With its two Wi-Fi aerials protruding from behind, allied to the skinny front control knobs, swish brushed aluminium fascia and three 'podular' feet, there's something very Jetsons about the look of the Primare I35 Prisma network-ready amplifier. It has the appearance – perhaps unintentionally – of a cutting-edge piece of technology from the late 1950s, a time of dramatic change as the world entered the Space Age.

John Atkinson  |  May 21, 2019  |  First Published: Oct 01, 1983
hfnvintageThe Acoustic Research turntable is back! John Atkinson looks and listens

It is June 1982 and Compact Disc is still more science fiction than fact (although both sides have carried out their groundwork and preliminary skirmishing). The scene is the restaurant of Boston's classy Copley Plaza Hotel and a handful of British hi-fi journalists, fresh from the Chicago CES, are dining with Ron Fone, the (English) President of Teledyne Acoustic Research. Over dessert arises the subject of turntables and the question, 'Why doesn't anyone – apart from Rega, or Thorens – produce a good mid-price mass-market deck?'.

Review: Andrew Everard, Lab: Keith Howard  |  May 21, 2019
hfnoutstandingThis slim column hides its light under a bushel – or at least a sock – but is an addictively attractive performer

You might seem to be setting yourself up for a fall if you call your company GoldenEar Technology. It's a cue for all those jokes about effects heard only by those claiming such aural ability, grist to the mill of the 'design them properly and they all sound the same' brigade. Fortunately for the team behind the GoldenEar Triton range – including the £2300 Triton Five we have here – the product lives up to its billing, for the Five is perhaps the most striking speaker I have heard at this price level for a very long time.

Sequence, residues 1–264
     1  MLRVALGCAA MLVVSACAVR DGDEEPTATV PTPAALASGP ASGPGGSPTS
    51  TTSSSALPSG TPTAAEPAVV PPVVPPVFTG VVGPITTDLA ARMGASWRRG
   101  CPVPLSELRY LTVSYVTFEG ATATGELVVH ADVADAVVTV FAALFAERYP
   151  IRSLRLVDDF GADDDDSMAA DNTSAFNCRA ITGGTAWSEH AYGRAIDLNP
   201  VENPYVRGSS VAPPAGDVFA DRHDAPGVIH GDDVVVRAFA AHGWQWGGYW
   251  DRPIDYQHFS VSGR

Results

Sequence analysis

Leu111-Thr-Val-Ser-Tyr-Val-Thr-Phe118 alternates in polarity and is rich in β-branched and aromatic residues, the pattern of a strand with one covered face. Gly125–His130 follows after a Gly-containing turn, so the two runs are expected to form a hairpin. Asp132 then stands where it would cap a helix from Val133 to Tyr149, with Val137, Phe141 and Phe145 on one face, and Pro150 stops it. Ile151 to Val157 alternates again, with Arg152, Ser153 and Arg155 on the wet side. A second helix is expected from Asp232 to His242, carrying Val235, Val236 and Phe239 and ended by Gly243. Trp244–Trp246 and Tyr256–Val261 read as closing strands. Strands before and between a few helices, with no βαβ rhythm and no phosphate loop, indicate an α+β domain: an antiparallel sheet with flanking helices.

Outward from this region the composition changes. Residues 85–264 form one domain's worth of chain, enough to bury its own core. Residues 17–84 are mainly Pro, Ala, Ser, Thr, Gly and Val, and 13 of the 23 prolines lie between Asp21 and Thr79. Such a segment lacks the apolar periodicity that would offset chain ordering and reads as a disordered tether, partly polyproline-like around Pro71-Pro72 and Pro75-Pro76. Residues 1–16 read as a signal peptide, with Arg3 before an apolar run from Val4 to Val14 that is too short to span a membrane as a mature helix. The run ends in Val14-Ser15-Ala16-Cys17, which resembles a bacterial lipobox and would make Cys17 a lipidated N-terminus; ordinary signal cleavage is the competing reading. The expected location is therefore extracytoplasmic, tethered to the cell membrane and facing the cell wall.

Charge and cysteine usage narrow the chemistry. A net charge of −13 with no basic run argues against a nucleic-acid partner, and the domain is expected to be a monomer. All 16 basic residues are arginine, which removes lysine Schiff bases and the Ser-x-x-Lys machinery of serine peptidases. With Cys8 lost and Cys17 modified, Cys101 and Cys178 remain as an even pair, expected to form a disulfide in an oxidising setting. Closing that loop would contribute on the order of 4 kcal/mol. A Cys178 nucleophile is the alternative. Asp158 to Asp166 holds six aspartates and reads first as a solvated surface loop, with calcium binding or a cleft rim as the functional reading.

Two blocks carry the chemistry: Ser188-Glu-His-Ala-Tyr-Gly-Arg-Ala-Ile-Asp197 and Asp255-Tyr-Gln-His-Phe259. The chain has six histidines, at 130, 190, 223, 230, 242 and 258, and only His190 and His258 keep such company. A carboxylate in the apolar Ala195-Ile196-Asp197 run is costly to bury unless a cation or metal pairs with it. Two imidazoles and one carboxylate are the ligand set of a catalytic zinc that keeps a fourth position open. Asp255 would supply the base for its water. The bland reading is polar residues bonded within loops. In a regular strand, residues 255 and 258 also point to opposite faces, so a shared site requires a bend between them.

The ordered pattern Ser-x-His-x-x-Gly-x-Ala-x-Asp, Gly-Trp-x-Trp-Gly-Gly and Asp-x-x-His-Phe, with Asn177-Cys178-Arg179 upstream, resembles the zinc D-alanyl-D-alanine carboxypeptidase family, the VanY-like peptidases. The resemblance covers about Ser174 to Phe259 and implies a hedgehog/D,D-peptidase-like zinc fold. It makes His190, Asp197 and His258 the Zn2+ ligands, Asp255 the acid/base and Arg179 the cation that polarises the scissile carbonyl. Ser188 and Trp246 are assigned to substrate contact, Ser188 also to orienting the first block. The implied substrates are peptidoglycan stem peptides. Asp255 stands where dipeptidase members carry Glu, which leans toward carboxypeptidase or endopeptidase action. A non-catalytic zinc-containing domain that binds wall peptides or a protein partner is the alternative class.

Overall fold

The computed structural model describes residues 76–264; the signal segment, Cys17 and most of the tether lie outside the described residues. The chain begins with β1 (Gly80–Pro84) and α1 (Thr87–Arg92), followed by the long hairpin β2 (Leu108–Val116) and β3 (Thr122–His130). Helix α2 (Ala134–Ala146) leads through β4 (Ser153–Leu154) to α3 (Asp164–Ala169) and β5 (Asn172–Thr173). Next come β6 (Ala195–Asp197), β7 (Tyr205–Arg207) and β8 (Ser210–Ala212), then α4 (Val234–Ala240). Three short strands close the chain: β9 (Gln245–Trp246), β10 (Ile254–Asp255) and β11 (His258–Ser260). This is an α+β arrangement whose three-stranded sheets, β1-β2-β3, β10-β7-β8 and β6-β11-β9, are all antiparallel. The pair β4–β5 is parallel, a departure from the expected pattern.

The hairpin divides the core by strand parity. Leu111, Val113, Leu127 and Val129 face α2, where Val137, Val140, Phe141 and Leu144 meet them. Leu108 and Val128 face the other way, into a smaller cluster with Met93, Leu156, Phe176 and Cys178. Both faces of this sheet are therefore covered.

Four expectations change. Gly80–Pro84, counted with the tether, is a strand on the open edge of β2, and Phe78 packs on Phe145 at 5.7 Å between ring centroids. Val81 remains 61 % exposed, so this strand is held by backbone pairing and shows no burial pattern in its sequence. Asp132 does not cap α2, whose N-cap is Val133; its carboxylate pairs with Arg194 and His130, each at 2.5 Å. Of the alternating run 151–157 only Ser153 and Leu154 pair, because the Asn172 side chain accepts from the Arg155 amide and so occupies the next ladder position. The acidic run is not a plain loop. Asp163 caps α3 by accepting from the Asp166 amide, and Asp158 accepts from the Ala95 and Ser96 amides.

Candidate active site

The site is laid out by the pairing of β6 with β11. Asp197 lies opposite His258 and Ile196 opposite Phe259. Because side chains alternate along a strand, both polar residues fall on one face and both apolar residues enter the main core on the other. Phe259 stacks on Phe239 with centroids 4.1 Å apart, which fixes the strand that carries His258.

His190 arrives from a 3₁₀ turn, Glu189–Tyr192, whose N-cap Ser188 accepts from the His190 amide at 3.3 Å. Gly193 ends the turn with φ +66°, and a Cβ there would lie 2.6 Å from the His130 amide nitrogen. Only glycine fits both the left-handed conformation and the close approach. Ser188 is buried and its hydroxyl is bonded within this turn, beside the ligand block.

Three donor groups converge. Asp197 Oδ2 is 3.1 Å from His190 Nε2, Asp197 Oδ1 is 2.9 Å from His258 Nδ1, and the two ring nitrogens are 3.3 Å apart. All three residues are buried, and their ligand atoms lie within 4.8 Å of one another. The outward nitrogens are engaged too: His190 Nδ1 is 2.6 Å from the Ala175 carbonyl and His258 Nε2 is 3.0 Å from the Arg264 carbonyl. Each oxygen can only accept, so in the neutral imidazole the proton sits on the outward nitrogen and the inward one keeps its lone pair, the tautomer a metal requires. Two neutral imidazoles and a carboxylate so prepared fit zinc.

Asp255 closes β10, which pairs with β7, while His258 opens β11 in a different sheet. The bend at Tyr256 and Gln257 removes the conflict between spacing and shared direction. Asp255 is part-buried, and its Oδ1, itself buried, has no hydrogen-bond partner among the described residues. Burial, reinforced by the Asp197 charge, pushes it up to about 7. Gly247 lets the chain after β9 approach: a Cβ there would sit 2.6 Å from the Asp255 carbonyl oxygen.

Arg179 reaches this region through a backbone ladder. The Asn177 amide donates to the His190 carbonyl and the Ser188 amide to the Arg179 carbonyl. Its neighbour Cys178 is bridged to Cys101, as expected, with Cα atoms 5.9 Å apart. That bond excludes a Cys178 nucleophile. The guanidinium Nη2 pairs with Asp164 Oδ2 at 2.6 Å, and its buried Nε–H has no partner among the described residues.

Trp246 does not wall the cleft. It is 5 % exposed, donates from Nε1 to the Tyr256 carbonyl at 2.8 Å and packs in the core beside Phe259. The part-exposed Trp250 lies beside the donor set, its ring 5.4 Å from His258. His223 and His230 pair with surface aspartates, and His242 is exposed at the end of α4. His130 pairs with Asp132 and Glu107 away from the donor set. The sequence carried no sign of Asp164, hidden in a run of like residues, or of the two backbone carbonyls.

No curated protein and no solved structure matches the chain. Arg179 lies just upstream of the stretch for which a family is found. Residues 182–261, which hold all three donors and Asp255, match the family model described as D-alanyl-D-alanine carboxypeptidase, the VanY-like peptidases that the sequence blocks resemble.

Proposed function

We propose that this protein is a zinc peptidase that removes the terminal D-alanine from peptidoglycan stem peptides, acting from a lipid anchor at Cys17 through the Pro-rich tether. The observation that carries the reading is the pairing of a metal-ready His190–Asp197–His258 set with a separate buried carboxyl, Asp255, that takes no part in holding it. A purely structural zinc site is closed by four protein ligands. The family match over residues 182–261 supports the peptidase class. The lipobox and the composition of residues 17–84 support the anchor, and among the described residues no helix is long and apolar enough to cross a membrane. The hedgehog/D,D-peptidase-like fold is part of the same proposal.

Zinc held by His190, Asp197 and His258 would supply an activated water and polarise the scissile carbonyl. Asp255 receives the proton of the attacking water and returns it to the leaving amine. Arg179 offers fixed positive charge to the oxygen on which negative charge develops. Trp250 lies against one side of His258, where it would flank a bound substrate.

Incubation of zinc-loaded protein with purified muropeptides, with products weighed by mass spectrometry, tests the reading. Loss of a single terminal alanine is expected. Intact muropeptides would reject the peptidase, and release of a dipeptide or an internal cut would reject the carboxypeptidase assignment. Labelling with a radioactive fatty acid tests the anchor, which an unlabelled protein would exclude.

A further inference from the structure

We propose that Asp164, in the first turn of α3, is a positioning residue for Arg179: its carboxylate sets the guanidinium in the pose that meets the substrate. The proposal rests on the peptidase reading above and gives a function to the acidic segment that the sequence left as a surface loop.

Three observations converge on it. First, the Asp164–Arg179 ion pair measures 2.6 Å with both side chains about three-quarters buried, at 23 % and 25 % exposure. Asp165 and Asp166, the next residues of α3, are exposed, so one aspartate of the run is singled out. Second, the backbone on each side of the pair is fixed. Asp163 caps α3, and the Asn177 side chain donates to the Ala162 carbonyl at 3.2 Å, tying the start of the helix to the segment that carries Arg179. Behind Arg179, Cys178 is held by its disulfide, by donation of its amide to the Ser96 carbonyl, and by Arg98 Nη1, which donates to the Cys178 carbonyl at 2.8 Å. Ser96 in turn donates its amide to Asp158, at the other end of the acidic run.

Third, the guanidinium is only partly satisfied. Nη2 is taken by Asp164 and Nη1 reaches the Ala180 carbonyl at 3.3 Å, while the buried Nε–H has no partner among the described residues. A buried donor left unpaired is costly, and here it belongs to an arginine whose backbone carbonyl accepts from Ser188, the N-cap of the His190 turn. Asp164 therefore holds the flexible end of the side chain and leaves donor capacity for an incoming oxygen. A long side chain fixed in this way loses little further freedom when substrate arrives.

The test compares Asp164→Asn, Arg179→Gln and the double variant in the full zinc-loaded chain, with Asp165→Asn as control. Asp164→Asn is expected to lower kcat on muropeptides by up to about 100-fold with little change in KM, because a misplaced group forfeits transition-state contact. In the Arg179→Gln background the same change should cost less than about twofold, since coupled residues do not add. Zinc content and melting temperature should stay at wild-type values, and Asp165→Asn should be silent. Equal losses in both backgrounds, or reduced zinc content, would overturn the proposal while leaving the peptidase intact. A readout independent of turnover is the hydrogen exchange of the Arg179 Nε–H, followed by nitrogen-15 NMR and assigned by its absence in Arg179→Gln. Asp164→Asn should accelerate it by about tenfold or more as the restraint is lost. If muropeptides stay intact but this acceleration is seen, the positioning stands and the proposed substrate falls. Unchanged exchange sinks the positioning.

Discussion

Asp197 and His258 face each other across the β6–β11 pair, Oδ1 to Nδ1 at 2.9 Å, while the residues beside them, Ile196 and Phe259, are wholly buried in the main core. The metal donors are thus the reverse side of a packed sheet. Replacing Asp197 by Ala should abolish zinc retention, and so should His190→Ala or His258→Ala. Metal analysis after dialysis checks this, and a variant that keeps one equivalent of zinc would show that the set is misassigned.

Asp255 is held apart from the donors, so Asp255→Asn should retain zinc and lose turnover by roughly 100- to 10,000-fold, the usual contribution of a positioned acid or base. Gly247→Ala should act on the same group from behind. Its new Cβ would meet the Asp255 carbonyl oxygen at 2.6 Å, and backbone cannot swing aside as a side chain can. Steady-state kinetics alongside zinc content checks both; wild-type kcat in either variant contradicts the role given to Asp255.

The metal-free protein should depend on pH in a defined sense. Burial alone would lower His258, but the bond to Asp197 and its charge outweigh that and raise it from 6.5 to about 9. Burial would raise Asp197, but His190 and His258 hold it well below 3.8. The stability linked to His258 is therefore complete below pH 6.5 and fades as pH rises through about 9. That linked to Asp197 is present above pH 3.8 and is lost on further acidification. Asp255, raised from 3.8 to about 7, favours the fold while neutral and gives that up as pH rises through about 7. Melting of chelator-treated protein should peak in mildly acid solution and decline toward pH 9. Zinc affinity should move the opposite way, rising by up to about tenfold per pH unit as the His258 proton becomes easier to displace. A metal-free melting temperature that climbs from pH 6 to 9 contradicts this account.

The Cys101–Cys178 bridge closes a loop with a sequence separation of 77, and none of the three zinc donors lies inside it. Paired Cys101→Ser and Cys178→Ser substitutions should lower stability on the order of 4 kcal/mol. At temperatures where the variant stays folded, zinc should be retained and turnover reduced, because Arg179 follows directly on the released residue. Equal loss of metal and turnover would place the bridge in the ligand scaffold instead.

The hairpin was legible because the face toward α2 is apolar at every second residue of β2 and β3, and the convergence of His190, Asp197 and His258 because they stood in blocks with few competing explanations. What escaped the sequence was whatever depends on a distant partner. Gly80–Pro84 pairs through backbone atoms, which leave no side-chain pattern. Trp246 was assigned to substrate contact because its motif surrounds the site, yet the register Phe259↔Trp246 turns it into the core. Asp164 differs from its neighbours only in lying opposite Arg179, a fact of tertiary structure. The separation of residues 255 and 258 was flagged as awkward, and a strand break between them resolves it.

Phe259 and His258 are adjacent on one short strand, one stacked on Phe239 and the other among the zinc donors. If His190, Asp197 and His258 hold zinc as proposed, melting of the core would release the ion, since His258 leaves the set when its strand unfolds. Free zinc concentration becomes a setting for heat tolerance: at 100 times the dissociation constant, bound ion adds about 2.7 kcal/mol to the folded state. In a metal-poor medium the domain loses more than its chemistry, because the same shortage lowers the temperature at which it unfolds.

Review: Christopher Breunig, Lab: Keith Howard  |  May 17, 2019
hfncommendedLooking for isolating headphones to wear when out and about? Focal has the answer in its first closed-back cans, the elegant Elegia, with tech derived from earlier models

The idea of listening to music while commuting or exercising was almost unheard of until the advent of the Sony Walkman 40 years ago, but nowadays it's ubiquitous. And with the 'Beats' generation wearing full-sized headphones this too has become widespread. One of the advantages, along with sound quality, is the increased sense of isolation – for which you might look for a closed-back model. So, following its £3250 flagship Utopia [HFN Feb '17], £800 Elear [HFN Apr '17] and £1399 Clear [HFN Mar '18] open-back predecessors, Focal has integrated these technologies into a closed-back design – the £799 Elegia.

Review and Lab: Paul Miller  |  May 16, 2019
hfnedchoiceOne of Chord Cable's longest-running products, the Signature, receives just its second upgrade in materials and performance in fifteen years.

There's a lot to be said for the philosophical approach to hi-fi manufacturing: 'if it isn't broken, don't fix it'. Chord Cables is certainly of this persuasion – its ranges are broadly distinguished by geometry, while performance is very gradually 'tickled up' by the transition to steadily superior conductors and dielectrics. For example, the original Signature speaker cable held court for a decade before the Reference version was released [HFN Aug '14].